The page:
Becoming and Agile Association
If we've learned one thing so far in this 115th Congress it is that we have to be prepared for anything. Policy has become a touch-and-go situation. Threats and opportunities meet us each passing week.
Creating a strategy in government affairs looks very different than in years past. If our aim is to be prepared, the logical question is prepared for what? We have seen surprises at nearly every turn since the start of the new Congress and Administration. Following the lead of the tech world, what associations need today is agility.
Point #1: Get Data On Your Industry
You should begin by arming yourself with a broad range of economic data on your sector. Think jobs, economic output, business growth, tax contributions – the kinds of data points you would need to paint a job creation and economy narrative. Since we don't know exactly which policy we will be addressing, let alone the details of its design, we need to have a data arsenal at-the-ready. For a quick reference guide to standard, publicly available data sources, go to this link.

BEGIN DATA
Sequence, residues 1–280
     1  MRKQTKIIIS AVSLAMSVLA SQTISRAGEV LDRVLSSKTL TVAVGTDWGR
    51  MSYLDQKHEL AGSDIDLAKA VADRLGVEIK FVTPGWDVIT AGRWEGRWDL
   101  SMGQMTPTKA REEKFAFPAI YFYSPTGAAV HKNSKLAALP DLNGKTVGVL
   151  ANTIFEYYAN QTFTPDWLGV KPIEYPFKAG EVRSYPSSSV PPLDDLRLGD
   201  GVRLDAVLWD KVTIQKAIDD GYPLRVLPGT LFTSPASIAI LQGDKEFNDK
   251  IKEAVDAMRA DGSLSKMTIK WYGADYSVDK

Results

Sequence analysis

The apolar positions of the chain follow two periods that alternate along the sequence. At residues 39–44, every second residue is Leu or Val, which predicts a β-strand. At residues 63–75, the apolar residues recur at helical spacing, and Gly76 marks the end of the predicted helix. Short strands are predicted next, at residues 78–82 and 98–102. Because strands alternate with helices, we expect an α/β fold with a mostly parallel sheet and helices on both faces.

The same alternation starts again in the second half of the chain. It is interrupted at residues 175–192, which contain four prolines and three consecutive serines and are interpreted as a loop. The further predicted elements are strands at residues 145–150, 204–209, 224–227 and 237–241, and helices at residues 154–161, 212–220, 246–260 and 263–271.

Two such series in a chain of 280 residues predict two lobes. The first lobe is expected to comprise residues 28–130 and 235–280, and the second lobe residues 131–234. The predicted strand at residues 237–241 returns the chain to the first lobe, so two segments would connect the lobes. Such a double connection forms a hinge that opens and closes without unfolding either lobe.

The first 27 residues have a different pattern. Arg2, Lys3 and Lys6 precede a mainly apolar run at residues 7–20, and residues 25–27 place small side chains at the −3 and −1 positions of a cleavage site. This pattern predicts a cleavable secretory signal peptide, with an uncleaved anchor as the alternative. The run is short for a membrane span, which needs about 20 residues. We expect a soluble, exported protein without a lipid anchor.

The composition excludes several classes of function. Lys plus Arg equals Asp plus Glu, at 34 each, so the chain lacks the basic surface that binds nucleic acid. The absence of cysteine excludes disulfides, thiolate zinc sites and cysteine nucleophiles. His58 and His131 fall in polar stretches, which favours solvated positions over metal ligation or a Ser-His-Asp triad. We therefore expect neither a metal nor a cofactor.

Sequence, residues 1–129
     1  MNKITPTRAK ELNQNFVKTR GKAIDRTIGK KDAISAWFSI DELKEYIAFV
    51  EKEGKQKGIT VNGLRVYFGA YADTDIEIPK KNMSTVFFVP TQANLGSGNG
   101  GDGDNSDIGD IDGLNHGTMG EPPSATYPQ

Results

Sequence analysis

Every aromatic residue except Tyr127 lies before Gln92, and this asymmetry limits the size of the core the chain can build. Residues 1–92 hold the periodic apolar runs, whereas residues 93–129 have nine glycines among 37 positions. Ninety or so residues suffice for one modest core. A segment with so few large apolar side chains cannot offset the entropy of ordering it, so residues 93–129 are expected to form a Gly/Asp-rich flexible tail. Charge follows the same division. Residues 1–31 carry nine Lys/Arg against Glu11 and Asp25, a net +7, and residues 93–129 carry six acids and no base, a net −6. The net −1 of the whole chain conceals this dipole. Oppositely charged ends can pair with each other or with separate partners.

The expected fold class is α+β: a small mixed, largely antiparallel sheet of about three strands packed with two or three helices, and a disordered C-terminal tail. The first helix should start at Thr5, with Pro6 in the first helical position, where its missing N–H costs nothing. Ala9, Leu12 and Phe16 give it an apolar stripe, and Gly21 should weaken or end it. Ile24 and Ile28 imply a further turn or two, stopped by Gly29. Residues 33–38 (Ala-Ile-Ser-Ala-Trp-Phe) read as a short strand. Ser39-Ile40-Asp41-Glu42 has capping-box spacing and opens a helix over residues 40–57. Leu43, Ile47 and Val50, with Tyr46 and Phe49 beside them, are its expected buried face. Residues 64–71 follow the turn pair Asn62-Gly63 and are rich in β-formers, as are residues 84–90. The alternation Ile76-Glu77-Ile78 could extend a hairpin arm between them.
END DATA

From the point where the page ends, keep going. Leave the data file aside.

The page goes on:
New to using economic data?
Point #2: Speed Is The Priority
The timing of your industry's message on a particular issue is arguably the most important variable. We would all love the luxury of more time, but it's not realistic in today's political environment. The current president is a Tweeter, so the bar is set there. That is to say, it's nearly a real-time situation – you need to respond fast to even get in the conversation.
Can your indsutry reports do this? Instant sharing via social media. Learn more here.
Point #3: Tell Local Stories
Even when you're lobbying on Capitol Hill you need to tell the stories of local communities, and local voters who put those officials into office. This may seem daunting – how will you get the data and salient details needed at such a granular level? Go back to step #1: all of the data you pulled together allows for county and congressional-district level detail. The hard part is telling a compelling story.
This is a great example of a local story that had big impact with a Congressman from the area.